After unloading passengers (mostly school children) at Scorpion, the crew of the Islander offload the kayaks that they have transported to Santa Cruz Island. Santa Cruz is a sea kayaker’s paradise, with kelp beds and sea caves as the primary attraction. The sea caves of Santa Cruz Island are known internationally, and Painted Cave, located on the north side of the island, is the largest known navigable sea cave in the world. I have been aboard dive boats that have pulled into this cave, which is a feat that can only be accomplished on the calmest of days.
After dropping off most of the passengers at the Scorpion ranch area, the Islander continued on to a spot called Prisoners Harbor. There were only a half-dozen people landing at Prisoners, including myself. All of the other passengers headed off to the west, into land owned by The Nature Conservancy, guided by a biologist from Island Packers. Anyone who knows me would not be surprised that I chose to head in another direction – eastward towards Potato Harbor. There’s something to be said for getting away from the crowds!
Along the way, I passed many relics from Santa Cruz Island’s ranching past. The island had been owned by a Dr. Stanton prior to the establishment of the National Park, and was used as an active cattle ranch. In 1978, The Nature Conservancy bought approximately 90% of the western portion of Santa Cruz Island from Dr. Stanton, who was permitted to continue ranching operations for a limited time. On Dr. Stanton’s passing in 1987, the ranching operations were halted, and the cattle were removed to the mainland.
Here, in the Prisoners ranch area, are additional remains of Dr. Stanton’s ranching operation. This brick building was constructed in the late 19th century, giving some indication of how far back ranching had been a part of this island’s heritage.
Past the cattle facilities of Prisoners Harbor one can find a nice roadbed on which to begin exploring the eastern end of Santa Cruz Island. In the photograph above, you can just get a hint as to the ruggedness of the terrain on Santa Cruz Island.
Along with the dirt roadbed, which was established to aid ranching operations, there is a wonderful network of hiking trails on the island. The graded roadbed gives way to less developed trails, as shown below.
I will digress for a moment to tell you about a creature unique to these islands, the Island Fox. At one time, when sea levels were lower than they are today, fox from the mainland found their way to some of the Channel Islands. The sea levels eventually rose, thus stranding the fox on the islands. As with many other species throughout the world who become isolated in an area of limited food resources, the fox began to exhibit the trait of dwarfism, so that today the Island Fox has become an extremely diminutive animal, approximating the size of a house cat.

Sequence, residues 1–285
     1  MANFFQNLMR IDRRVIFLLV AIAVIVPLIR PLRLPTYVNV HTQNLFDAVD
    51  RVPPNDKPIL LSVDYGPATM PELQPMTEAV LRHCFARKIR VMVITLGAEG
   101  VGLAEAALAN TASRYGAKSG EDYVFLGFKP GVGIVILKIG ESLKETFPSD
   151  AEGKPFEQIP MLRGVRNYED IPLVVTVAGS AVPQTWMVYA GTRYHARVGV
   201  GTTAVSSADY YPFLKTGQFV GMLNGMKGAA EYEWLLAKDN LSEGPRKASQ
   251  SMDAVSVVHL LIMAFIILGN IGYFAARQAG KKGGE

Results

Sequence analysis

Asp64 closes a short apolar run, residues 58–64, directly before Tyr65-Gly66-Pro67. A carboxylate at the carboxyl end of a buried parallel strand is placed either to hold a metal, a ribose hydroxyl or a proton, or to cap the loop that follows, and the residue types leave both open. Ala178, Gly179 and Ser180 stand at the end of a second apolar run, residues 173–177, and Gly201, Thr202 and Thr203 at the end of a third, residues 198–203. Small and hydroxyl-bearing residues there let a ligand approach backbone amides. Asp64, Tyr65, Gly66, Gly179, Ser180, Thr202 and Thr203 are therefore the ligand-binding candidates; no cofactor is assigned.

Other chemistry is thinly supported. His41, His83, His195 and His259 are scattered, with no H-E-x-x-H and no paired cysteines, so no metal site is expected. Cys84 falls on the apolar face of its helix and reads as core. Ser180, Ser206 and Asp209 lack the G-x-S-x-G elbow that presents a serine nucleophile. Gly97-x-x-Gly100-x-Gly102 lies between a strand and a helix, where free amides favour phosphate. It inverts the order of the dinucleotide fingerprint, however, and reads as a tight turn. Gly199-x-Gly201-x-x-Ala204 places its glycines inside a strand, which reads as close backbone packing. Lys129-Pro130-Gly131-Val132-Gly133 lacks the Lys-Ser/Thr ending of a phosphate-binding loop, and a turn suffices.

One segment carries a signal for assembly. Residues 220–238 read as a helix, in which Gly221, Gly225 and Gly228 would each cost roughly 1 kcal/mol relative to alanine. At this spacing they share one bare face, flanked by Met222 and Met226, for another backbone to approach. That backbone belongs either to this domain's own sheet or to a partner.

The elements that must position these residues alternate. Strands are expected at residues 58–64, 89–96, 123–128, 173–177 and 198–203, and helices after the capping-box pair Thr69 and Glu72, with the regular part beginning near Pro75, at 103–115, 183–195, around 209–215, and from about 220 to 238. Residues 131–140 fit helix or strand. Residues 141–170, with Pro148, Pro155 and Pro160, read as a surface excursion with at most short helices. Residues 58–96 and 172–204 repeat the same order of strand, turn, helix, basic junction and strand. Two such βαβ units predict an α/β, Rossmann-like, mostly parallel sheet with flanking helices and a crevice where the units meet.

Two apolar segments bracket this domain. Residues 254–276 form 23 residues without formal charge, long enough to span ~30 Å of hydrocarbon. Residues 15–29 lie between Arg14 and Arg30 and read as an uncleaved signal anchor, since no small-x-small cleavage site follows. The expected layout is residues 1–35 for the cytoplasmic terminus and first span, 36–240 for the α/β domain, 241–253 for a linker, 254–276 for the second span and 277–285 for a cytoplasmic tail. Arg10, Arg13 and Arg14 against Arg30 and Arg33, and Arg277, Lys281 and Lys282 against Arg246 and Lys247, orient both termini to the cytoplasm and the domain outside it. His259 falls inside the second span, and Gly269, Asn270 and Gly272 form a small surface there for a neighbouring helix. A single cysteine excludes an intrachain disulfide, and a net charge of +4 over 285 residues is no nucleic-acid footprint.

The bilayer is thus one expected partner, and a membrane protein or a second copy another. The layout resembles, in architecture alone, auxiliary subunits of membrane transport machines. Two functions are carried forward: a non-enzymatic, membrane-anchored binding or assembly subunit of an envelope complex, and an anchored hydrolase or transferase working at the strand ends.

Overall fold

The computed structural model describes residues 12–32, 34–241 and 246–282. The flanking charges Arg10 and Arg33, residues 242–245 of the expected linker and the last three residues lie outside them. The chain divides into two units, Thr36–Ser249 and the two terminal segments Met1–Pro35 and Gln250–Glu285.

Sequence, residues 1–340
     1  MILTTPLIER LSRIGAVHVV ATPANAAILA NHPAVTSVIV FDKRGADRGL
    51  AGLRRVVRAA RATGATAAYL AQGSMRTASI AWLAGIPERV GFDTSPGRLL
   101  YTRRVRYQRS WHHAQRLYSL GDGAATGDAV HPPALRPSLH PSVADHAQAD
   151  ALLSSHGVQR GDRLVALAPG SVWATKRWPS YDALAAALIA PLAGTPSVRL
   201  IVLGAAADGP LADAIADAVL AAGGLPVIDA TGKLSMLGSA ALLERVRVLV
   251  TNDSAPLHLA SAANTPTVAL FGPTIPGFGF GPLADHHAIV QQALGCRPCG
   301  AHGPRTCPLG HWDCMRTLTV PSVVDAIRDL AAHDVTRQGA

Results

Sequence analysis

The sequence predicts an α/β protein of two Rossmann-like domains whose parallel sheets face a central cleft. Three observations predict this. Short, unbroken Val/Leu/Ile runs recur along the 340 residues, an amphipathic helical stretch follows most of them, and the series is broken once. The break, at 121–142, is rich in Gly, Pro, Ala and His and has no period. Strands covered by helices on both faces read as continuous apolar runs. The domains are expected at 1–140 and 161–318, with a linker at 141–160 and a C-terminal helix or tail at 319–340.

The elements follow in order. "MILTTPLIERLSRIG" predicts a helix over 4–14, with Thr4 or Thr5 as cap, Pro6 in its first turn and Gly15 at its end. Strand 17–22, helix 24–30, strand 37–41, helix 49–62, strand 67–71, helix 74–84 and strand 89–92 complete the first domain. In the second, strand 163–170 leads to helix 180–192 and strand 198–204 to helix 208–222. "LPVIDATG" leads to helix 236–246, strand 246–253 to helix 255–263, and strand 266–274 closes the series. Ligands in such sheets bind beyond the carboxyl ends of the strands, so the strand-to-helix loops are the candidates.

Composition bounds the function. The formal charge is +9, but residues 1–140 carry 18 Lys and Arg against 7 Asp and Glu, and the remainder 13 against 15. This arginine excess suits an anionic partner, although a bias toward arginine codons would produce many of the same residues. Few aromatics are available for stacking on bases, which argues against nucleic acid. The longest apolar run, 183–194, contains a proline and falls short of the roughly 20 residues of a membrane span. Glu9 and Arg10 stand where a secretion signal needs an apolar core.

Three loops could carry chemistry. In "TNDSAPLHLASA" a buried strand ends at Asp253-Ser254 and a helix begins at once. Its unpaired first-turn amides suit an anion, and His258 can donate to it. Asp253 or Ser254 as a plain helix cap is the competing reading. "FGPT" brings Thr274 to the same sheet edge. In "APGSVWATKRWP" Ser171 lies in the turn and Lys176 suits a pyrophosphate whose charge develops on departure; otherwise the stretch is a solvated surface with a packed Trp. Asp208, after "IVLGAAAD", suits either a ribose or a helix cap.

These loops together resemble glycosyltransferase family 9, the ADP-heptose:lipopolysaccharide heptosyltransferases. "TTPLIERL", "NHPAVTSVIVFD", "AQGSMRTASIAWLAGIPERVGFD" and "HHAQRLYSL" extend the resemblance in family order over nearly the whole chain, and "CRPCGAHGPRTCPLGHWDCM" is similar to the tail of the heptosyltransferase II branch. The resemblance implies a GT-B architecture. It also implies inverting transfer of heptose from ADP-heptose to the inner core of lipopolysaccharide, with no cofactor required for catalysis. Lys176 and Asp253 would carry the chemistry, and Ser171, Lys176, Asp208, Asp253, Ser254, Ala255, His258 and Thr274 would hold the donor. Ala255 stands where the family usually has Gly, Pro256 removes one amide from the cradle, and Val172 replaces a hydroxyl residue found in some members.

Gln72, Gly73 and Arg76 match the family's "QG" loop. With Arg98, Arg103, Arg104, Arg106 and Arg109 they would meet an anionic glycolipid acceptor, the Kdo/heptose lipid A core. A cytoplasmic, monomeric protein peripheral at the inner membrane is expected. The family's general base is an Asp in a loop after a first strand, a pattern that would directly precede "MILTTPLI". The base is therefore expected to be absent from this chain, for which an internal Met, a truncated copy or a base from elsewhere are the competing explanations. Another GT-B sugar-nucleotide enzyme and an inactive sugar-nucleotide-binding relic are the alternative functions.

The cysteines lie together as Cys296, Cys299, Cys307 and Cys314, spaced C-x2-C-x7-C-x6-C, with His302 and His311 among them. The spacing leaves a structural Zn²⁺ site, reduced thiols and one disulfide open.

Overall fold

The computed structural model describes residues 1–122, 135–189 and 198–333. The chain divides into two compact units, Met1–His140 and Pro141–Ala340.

Within the past decade, there has been a drastic decline in the number of Island Fox at the Channel Islands. On Santa Cruz, past numbers were believed to be in excess of one thousand animals. Since the decline, the number is believed to be less than 100 animals. The causes of the decline are believed to be a chain of events that looks something like this: early ranchers introduced pigs to the island as a food source. Domestic pigs, being difficult to confine in pens, escaped captivity and eventually established a feral pig population on the island. Hunters on the island did a pretty good job of controlling the feral pig population. The National Park was established, and hunting was eventually banned on the island. With no natural predators, the feral pig population exploded. The supply of feral piglets attracted predatory Golden Eagles to the islands, whose numbers had previously been limited by competition from Bald Eagles. However, the DDT problem, previously referred to in this post, eliminated the Bald Eagle from the island, and the Golden Eagle was free to reign supreme. The Golden Eagles found the Island Fox to be easy prey, and thus the rapid decline in their numbers. A detailed and accurate discussion of the plight of the Island Fox can be found at the NPS Island Fox homepage. I have never been fortunate enough to see an Island Fox in person, even though it has been one of my aspirations for a long, long time.